If there’s anything we need to learn to accept, it is the concept of aging. Every living thing grows old, and that includes dogs. In this article, we discuss how dog behavior changes with age, and how to cope with your senior dog’s change in behavior.
Everyone grows old, and this is a normal thing in life that we have to accept happens to everything, including your dog. One of the things that is going to change first is your dog’s behavior. In this article, we discuss how dog behavior changes with age. Like all living things, behavior tends to change as we age, and this is also a normal phenomenon that we have to adapt to.
If you have ever grown up with a pet, you will know how difficult it will be to transition from living with a lively pet to caring for it during its old age. One of the things you should be aware of is how to handle changed behavior in your older dog.
Loving an animal in their old age can be a challenge, but we’re hoping that this article will make it easier for you to care for your senior dog and help you adapt to any behavior changes that they go through when they reach old age.
Let us know which dog behavior you encountered and how you dealt with transitioning your life to cater for your fur friend when they got older and changed their habits.
How Dog Behavior Changes With Age
It is undeniable that as your dog ages, its behavior tends to change. However, most dog owners aren’t able to identify how their behavior changes. Luckily, some researchers conducted a series of tests and they were able to pinpoint the changes dogs go through as they age.
Tests To Determine Behavior Changes
- Frustration test: This test was done by swinging a piece of meat just a little out of reach in front of your dog for a minute. When you have puppies, you can expect them to be intolerable, but as dogs age, they get less vocal about their frustration.
- Exploration test: The exploration test is done by allowing your dog to wander around the room with you in the middle of the room, ignoring the dog. When dogs are young they enjoy the feeling of exploring and are less likely to listen to you when you call for them; however, older dogs are more obedient and will not explore rooms as much.
- Problem-solving test: To administer this test, the owner shows the dog how to remove the lid from a bin that contains a piece of meat, or any treats. If the dog is able to determine how to remove the lid on his own, he receives an award. Some older dogs have lower problem-solving skills compared to their younger counterparts.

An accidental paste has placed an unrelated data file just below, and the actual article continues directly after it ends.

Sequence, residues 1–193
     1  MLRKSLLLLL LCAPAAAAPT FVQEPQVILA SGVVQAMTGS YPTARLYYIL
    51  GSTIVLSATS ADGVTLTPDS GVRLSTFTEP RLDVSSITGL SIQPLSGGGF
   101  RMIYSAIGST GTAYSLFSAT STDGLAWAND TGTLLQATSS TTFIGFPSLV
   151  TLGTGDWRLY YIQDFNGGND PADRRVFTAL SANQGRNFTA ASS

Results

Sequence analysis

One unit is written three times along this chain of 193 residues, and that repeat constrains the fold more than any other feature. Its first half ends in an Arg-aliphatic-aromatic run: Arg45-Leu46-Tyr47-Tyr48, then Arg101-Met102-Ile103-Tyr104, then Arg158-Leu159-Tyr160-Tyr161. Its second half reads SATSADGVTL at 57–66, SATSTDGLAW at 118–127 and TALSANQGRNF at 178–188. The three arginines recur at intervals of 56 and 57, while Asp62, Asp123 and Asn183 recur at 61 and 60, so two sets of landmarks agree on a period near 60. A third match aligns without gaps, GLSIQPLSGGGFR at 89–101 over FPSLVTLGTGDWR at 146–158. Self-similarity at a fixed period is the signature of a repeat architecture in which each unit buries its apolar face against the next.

- Ball-throwing test: This test is done by throwing a ball three times and encouraging your dog to fetch it. Older logs are less inclined to go after the ball, while younger dogs will follow gladly.
- Obedience Test: In this experiment, the owner of the dog gives 4 basic commands: come, sit, lie down, and stay and the experimenter will distract the dog with noise or other stimulators.
- Novelty toy test: For this experiment, the dog is made to interact with a self-moving toy that makes noises on its own for a minute. Most senior dogs lose their interest in novelty toys, but this is also dependent on the breed of dog.
How To Care For Senior Dogs
It’s known that dogs age faster than humans, which is why we’re responsible for making sure that their last years are comfortable because dogs are more than just animal companions, they’re family. Here are some tips to care for your senior dog.
Tips For Caring For Your Senior Dog
- Take them to the vet: If you notice that your dog is ignoring you more, or just isn’t as active, you should take your dog to the vet to confirm if your dog has reached old age. Old dogs will have more difficulty hearing and seeing, and you might even notice a cataract develop. A trip to the vet’s clinic will help you determine if there’s something you need to treat in your aging dog.
- Interact with them: It’s never easy to watch your friend approach old age, especially when it’s clear that they can no longer do certain activities. Instead of leaving them, make sure you still play with them so that you can cherish every last moment before they pass.
- Adjust their diet: Some old dogs experience a change in diet and the food you fed them before might not be appropriate now. Ask your vet for recommendations and check if they have developed any allergies.
If you have a dog that’s still in its prime years and you’re anxious about them growing old, you should read up on how to care for them. We hope that knowing how dog behavior changes with age can help you transition your life with your best friend.
Inevitably, you will have to deal with the fact that your dog is getting old, but that doesn’t mean that you can’t savor your last moments with them. Despite their age, your dogs will love you forever and always treat you with the same affection as they did when you first adopted and loved them.